Every major email provider has been hacked at some point, but services like Yahoo, Gmail, Hotmail, and AOL don’t use encryption. This left email accounts vulnerable to the hackers. Many lawyers use these accounts because the big names make them feel secure. The truth is that they aren’t very secure at all.
Furthermore, the Texas Bar Ethics Committee stated that if a lawyer has a duty to advise clients of the risks associated with such communication when using unencrypted email. Advising clients that the email may not be secure, however, can reduce their sense of security when emailing sensitive information to their lawyer. Email is very convenient for clients and lawyers, so it’s important to give encryption serious consideration. For many clients, any other type of communication is inconvenient.
When Encryption Is Necessary
The committee also said that lawyers should think about using encryption when:
- Sending email to or from a shared email account.
- Exchanging sensitive or confidential information via email.
- Sending an email to a client when it is possible that a third party, such as an estranged spouse, could know the password to the account.
- Sending emails to the client’s work email, especially when the matter may deal with an employer dispute.
- Sending emails on an unsecured network, such as on a laptop from a public place or on a borrowed computer.
- Sending emails to a recipient the lawyer knows is using unsecured devices, such as a tablet.
- The lawyer is concerned with a government or law enforcement agency intercepting the communication.
Email Security Concerns Are Nothing New
In a 2014 blog post, the ABA Legal Technology Resource Center said that email security was mentioned more than 20 years before. The concerns about security were there from the very start. Most bar associations didn’t like email as a primary method of communication with clients.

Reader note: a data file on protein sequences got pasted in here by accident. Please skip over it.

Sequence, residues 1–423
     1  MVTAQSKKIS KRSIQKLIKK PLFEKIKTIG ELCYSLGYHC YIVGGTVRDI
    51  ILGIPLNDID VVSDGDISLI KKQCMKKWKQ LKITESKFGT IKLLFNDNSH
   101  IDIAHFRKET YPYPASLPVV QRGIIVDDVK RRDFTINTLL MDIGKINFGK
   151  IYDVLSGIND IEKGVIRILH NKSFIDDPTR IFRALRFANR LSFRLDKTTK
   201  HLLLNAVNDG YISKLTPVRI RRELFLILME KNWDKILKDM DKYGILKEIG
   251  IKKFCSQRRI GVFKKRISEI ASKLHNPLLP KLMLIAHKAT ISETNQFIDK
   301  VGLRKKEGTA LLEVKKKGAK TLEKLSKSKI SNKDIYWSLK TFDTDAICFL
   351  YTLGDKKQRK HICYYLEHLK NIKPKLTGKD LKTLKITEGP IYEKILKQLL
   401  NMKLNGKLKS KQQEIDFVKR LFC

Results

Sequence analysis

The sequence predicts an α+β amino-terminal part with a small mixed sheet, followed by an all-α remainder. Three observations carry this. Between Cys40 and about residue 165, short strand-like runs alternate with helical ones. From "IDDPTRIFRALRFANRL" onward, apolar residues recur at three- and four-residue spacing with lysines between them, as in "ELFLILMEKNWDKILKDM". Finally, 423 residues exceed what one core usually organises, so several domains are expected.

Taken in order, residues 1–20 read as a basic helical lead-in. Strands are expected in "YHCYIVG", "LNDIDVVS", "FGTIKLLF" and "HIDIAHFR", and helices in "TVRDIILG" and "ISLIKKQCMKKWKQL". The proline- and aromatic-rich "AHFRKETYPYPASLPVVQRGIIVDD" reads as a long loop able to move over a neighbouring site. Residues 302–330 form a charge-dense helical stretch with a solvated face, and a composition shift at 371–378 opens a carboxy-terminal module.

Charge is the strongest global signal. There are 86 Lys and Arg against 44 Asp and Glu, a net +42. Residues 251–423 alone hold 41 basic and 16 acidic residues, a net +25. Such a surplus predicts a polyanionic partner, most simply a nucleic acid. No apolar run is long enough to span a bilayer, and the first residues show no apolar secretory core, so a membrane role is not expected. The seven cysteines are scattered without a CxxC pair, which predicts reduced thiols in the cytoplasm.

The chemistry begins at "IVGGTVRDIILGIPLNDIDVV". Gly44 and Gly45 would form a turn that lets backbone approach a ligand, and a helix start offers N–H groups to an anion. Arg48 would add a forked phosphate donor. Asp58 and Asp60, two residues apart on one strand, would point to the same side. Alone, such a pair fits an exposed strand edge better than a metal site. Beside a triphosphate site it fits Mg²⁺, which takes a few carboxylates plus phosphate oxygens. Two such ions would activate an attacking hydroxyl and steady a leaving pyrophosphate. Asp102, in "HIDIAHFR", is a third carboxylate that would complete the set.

This doubt so early on resulted in ethics committees advising lawyers not to use email unless certain steps were made to ensure the email wouldn’t be intercepted by someone other than the intended recipient. Ethics committees also said that lawyers should obtain client consent before using email for the communication of confidential information.
This advice has stood the test of time.
All in all, lawyers should commit to the ongoing evaluation of email practices. If the email being used is unencrypted, it is time to consider the risks. Hackers know that they can obtain very sensitive information in email correspondence between lawyers and their clients. There’s also the matter of how a spouse in a divorce can access the email of the other. Breach of email in any way can cause more problems for a client, so it is imperative to consider encryption as valuable in email communication. In fact, it should be a serious tool used when securing all email correspondence on every computer within a firm.
So, instead of waiting to protect your firm and your clients, easily take the step toward added security. Secure Swiss Data has encryption solutions that can bring your firm up to today’s security standards. That way, you can have peace of mind when communicating with your clients, and so can your clients.